Friday, 5 August 2011

Parish pump politics

This was the England that Soldiers fought for in those world wars: they may have come from factories and offices, yet they did not fight for Manchester or Birmingham, but for the likes of  Chipping Campden and Lavenham .                                   
Roy Strong, Visions of England, (Bodley Head, 2011)
It's been argued here before, and it's worth stressing again, that the Nationalist spirit is primarily concerned with rural living. Industry and urban life gave rise to those fair weather friends Capitalism and Marxism. These two hatched liberalism, imperialism and the latter day horrors of multiculturalism, cosmopolitanism and globalism. It's because of all this that modern Nationalist theory has retreated back to the agrarian vision - the countryside, market town, village, farm and homestead. Knowing that our forefathers built them, it may be painful admitting that our cities and towns are essentially lost to us. But the bigger picture means that Nationalists need to make a tactical withdrawal to the countryside. Besides, one thing on our side is that the rural idyll still commands great popular appeal.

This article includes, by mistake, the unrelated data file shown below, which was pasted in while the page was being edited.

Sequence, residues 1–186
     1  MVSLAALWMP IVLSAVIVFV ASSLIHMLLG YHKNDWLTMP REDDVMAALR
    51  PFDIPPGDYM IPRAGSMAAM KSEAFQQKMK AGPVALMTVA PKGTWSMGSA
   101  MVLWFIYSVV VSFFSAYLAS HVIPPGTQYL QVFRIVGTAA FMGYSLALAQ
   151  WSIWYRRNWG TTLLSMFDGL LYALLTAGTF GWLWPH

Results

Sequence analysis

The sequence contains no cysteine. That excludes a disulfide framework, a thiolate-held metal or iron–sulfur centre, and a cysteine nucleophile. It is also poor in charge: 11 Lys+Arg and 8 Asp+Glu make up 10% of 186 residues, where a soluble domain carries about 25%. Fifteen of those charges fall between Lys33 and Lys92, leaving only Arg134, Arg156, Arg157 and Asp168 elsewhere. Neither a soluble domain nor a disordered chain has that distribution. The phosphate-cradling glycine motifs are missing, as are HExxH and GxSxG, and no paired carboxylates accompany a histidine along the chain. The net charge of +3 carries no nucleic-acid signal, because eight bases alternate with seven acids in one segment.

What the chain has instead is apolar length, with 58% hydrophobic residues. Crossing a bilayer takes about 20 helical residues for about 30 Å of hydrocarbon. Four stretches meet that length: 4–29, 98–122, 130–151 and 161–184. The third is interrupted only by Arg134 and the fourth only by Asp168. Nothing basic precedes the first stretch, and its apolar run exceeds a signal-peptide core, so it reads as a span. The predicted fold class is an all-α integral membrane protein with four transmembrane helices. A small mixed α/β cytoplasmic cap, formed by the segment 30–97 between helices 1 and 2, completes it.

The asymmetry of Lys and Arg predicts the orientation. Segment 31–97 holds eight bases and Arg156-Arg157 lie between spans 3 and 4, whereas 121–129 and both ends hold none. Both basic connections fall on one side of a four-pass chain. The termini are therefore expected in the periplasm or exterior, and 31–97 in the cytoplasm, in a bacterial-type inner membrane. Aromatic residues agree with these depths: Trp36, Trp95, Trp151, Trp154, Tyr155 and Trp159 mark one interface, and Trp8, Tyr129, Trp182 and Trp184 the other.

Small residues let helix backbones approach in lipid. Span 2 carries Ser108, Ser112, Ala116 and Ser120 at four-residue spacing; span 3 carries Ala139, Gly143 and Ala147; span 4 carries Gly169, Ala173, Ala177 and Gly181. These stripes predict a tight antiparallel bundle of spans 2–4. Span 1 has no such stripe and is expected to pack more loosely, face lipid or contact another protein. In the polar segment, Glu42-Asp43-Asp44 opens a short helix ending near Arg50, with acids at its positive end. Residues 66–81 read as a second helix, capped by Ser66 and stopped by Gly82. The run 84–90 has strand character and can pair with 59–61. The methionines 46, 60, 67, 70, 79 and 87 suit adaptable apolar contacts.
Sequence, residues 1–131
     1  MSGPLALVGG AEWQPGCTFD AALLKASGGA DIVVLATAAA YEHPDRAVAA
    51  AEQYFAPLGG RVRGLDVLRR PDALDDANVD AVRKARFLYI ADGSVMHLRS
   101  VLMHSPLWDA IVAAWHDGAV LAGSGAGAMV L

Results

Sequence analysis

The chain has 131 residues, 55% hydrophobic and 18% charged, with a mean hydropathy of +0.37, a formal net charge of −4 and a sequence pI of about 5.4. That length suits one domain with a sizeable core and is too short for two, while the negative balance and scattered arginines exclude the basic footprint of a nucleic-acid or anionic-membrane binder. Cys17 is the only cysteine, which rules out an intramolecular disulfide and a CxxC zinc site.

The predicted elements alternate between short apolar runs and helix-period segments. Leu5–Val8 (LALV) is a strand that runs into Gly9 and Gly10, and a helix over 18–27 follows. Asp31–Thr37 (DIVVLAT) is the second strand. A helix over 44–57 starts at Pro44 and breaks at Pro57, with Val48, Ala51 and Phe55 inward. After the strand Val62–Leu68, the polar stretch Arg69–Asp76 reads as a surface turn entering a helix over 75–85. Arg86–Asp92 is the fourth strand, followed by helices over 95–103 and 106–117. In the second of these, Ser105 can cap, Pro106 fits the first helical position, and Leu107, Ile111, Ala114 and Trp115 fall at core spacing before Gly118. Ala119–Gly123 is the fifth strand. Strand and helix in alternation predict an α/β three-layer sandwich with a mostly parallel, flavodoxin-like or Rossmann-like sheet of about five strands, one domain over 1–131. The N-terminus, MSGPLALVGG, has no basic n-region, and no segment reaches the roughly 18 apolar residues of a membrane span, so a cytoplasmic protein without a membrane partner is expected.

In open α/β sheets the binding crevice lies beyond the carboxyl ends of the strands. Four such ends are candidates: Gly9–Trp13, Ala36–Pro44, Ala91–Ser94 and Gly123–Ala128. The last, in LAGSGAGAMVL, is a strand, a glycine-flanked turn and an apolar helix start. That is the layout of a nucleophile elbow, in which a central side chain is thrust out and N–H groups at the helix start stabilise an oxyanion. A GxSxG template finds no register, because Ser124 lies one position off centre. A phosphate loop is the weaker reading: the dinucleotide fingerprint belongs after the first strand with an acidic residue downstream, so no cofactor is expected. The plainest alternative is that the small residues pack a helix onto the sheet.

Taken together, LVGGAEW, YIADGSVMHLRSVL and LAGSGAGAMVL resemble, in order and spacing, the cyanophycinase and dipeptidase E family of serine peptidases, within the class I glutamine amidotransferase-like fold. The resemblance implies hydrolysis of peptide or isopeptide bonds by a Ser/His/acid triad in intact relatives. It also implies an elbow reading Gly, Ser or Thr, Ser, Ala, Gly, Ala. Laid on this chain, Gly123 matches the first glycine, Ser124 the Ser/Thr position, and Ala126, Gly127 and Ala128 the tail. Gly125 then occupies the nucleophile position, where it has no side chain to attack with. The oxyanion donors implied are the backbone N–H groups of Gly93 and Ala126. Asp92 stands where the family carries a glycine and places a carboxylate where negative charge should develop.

Nationalism is the only real antidote to globalism and National Anarchism is anti-globalism taken to its logical conclusion. National Anarchism defines localism and parish pump politics as sovereign. This post from Berrocscir's Banner last year, linked to Richard Hunt's The Natural Society - a work which National Anarchists should find useful. It is a good primer for the National Anarchist ideal of federated autonomous villages. Far-fetched? Maybe. But if you can't look to the stars, you might as well shop at Tescos.

Away from the 9 to 5 this week, for Lammas, I paid a pilgrimage of sorts to West Kennet Long Barrow, where the earthly remains of 46 of our collective neolithic ancestors were laid. As the tractors in the field to the south sailed in a sea of gold, bringing in the first fruits, I picked an ear of wheat - for the soil - and a poppy - for blood. I placed them at the entrance to the tomb. Our task as tribalists is to enrich blood and soil. Of course, not all of us can up sticks and march off to a Pioneer Little Europe, but we can at least evangelise the ideal and adopt aspects of the PLE in our everyday lives.